Sunday, March 28, 2010

Why all the music sounds the same...

Thanks to Twitter friends, I read with interest this article in the Word from February 2008 on "why all records do sound the same." It's a very detailed piece, but although it does explore some of the technical background to contemporary music-making it explains it very well. I was going to write a piece for this blog on songwriting, but that's already grown into a longer piece - I'll get back to it when I can - but the "sound" of records really interests me.

There seems a point in recorded history where ambition and technology reached a "sweet spot." When Dylan toured Britain and was called "judas" it was the first time that such a massive P.A. had been heard in British halls - so indeed, the sound of this rock band drowning out the words was new - and a foretaste of what was to come; when the Beatles and George Martin headed to Abbey Road to record Sgt. Pepper they created an "eight track" by linking two four track machines together. Ambition, in these cases, was beyond the technology available at the time. Over the next few years that would change and it's not incorrect to say that for the first half of the seventies, ambition, money, talent and the recording environment were all in sync. For the home consumer the "stereo", the quad system, the 8-track, the thick cut vinyl before the oil crisis, allowed replication in the home of the impressive audio engineering feats happening in the studio. FM radio in the US showcase high fidelity records. If you're going to test out a new stereo even today, you can't go far wrong with using "What's Going On", "Innervisions", "Something/Anything" or "Can't Buy a Thrill" as a test recording.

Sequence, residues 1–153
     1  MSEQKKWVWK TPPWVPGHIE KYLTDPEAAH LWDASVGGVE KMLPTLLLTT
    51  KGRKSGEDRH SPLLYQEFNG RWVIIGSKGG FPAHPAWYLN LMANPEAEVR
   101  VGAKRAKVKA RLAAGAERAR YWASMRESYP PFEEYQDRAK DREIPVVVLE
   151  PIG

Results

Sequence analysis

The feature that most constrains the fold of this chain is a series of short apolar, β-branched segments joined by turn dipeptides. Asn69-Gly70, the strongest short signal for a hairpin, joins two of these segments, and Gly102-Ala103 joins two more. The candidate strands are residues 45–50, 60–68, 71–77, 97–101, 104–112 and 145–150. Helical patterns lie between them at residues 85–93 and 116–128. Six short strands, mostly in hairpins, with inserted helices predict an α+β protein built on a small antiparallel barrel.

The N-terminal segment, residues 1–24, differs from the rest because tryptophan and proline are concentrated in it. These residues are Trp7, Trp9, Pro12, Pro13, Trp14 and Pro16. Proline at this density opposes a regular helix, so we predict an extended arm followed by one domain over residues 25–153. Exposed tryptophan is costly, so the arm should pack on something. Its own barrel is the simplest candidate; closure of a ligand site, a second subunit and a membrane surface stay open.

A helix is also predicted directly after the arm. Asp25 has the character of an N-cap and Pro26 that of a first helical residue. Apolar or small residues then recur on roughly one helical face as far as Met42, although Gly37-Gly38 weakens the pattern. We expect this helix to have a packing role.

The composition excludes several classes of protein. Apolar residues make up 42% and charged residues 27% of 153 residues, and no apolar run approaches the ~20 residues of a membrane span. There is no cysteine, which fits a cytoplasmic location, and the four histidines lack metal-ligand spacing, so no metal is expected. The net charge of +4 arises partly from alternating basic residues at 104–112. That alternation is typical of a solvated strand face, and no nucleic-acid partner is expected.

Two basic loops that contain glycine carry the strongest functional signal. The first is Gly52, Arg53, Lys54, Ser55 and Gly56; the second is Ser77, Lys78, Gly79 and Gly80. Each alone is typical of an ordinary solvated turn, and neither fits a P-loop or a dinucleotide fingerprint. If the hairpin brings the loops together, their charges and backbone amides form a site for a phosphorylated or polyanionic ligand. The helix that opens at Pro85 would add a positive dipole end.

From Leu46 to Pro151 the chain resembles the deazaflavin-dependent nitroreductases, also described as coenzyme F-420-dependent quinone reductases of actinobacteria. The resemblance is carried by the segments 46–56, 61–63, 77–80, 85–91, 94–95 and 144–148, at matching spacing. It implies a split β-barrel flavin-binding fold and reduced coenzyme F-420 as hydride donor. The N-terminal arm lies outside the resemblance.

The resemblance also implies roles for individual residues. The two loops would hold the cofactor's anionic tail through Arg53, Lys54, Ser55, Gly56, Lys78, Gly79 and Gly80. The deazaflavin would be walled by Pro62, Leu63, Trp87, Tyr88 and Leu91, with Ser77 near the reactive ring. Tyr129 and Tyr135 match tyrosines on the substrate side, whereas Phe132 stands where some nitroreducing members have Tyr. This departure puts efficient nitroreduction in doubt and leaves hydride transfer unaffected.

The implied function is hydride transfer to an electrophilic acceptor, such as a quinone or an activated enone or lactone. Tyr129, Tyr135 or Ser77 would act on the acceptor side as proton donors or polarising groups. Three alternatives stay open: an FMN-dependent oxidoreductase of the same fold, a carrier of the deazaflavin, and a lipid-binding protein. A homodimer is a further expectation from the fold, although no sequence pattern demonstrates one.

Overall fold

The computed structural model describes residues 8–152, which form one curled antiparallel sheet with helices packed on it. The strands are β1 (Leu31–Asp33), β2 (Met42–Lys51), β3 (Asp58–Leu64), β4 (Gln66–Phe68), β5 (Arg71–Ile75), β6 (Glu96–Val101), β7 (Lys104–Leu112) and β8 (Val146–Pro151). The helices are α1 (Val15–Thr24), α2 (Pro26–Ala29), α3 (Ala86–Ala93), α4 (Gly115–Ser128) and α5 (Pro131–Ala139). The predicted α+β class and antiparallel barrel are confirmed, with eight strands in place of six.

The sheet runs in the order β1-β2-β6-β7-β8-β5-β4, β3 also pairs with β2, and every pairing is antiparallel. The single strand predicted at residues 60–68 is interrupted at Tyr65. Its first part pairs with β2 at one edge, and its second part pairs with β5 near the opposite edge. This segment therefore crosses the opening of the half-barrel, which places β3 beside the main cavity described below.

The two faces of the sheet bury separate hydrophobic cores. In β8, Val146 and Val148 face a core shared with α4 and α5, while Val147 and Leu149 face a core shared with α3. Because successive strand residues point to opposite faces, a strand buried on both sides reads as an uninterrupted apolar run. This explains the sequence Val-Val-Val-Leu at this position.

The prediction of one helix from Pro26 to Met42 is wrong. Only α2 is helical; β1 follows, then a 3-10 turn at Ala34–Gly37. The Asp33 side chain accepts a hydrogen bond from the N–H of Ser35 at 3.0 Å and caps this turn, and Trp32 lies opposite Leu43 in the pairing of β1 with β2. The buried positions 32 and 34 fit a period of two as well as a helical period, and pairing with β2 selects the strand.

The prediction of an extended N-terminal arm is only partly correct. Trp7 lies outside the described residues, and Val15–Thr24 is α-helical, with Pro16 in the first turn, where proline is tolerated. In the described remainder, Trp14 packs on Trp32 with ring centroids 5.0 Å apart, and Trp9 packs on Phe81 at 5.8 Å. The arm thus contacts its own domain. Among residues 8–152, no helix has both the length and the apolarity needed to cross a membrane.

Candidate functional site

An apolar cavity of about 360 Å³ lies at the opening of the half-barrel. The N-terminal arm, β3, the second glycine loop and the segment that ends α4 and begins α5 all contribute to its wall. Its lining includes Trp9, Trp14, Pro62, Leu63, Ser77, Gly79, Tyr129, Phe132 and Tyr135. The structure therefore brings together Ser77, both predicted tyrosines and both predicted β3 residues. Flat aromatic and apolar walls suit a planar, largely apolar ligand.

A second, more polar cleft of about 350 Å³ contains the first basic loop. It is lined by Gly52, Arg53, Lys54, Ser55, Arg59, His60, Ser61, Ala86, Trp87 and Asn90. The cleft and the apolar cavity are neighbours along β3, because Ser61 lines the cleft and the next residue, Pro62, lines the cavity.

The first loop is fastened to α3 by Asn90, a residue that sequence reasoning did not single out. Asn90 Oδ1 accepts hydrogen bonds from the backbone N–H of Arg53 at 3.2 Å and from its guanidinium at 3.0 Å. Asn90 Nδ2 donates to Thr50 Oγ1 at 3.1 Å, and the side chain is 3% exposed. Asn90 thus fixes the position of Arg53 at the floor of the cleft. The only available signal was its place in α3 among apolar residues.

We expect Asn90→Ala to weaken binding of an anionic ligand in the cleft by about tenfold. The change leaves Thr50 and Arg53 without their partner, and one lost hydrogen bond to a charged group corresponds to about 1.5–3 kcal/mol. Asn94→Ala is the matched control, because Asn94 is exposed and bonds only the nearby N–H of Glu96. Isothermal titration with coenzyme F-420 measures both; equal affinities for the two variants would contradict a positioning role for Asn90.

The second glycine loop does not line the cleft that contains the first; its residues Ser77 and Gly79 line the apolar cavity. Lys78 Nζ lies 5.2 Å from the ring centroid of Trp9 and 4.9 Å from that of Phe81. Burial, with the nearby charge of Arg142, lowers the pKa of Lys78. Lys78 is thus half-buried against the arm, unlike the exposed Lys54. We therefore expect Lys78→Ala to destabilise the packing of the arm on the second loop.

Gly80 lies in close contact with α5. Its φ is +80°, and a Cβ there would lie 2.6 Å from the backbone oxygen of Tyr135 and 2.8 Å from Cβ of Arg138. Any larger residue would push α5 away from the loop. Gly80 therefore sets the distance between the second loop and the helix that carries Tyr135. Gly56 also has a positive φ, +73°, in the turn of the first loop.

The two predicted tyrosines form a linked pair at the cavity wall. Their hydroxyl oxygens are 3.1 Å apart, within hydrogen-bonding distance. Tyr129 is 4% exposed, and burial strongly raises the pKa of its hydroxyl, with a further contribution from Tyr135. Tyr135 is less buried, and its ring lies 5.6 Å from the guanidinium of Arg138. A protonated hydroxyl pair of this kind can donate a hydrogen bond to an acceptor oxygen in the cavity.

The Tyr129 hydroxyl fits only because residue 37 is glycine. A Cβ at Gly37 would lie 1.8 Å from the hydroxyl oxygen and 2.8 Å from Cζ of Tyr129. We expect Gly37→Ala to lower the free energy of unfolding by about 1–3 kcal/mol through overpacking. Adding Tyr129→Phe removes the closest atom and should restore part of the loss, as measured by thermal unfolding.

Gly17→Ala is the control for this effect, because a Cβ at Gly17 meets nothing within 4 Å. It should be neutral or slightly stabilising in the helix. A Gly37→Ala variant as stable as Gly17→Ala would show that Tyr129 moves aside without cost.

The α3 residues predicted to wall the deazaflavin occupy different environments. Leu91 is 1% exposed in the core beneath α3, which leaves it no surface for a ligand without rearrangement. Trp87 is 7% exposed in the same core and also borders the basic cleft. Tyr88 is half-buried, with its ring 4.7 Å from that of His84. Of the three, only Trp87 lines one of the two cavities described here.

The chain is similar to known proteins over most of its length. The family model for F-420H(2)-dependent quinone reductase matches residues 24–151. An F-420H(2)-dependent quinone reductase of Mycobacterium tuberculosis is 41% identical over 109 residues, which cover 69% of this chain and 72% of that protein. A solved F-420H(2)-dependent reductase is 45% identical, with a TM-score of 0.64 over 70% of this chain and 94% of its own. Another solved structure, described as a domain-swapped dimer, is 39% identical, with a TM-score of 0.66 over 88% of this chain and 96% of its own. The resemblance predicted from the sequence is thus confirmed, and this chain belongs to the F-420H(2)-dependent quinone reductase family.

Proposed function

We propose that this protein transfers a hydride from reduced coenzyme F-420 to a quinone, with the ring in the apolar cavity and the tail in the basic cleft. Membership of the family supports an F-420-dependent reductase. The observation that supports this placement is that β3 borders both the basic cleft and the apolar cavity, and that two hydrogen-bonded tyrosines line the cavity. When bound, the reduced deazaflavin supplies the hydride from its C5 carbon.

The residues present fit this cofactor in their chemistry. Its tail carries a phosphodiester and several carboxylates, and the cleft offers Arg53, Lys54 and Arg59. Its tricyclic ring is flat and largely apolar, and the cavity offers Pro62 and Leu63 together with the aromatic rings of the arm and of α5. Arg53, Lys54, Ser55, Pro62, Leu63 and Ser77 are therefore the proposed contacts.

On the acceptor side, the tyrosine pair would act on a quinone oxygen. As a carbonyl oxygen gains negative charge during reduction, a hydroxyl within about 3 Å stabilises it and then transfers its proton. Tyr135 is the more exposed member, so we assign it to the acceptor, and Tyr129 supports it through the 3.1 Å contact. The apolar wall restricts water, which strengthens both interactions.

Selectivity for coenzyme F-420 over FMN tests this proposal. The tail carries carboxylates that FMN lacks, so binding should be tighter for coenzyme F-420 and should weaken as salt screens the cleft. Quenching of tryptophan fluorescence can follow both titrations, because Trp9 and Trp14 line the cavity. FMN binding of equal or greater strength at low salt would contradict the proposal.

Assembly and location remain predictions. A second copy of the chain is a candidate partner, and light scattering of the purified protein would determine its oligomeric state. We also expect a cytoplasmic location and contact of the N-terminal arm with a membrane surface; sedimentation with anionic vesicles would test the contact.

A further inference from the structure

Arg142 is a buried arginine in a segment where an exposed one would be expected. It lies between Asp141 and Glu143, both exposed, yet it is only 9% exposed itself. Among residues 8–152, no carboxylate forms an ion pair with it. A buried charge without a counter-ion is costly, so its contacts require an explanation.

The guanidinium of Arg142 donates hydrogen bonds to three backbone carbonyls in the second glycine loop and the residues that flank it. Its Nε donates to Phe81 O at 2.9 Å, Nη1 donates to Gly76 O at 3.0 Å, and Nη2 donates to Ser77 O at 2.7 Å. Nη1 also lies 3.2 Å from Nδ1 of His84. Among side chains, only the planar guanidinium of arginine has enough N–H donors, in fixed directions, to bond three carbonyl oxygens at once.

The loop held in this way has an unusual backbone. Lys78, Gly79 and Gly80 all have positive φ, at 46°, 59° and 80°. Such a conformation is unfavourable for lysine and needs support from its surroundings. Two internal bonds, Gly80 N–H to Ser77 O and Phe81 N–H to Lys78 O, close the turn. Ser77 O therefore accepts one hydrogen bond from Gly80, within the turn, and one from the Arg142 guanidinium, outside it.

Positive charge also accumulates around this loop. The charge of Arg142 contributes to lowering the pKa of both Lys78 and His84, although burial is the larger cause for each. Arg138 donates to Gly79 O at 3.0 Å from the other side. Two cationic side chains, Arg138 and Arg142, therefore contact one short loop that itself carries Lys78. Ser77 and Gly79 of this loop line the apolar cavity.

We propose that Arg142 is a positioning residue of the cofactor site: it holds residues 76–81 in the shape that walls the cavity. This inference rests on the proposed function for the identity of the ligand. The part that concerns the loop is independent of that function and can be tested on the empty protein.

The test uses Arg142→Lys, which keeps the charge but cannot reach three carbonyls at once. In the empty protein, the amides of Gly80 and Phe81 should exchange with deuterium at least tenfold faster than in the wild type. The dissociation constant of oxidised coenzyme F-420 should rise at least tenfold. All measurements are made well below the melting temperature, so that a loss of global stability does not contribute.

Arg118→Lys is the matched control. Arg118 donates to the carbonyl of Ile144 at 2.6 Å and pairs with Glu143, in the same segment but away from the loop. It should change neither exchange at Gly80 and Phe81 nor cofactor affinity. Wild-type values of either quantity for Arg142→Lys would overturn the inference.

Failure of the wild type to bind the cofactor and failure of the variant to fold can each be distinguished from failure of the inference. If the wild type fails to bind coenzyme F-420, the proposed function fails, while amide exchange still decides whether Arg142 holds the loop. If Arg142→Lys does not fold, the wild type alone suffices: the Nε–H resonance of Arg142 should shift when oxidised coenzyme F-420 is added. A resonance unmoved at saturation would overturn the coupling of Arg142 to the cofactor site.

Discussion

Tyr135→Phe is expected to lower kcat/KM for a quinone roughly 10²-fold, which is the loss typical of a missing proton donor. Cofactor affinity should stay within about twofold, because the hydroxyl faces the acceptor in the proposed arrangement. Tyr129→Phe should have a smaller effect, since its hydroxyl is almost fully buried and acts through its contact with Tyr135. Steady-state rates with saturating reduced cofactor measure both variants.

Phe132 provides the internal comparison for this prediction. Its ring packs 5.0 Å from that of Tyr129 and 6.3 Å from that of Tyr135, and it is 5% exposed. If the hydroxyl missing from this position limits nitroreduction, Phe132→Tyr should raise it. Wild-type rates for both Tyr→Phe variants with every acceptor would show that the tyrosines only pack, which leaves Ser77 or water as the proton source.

The Word article makes a good distinction between how records were made - a band playing together in an acoustic space - with how they are made today - using the Protools system, and fixing the glitches in the mix and the edit. I'm a fan of progress, and believe that good recordings - whether The White Album, Definitely Maybe or "Beat it" - are not a bad thing. I certainly wonder what "The Smiths" would have sounded like if Rough Trade had paid for a better recording. (The BBC versions on "Hatful of Hollow" have always been preferable in most cases.) Although manipulating that "live band" has been common since the Beatles, tape splicing was an imprecise art, and liable to deterioration. I'm pretty sure that most people would be surprised that even non-electronic bands are ProTooled to death these days, yet it isn't a surprise to me - what is a surprise, or rather, what is sad, is that the "sound" of a record now is not about how good it sounds, or what is right for the music, but how much like other records it sounds.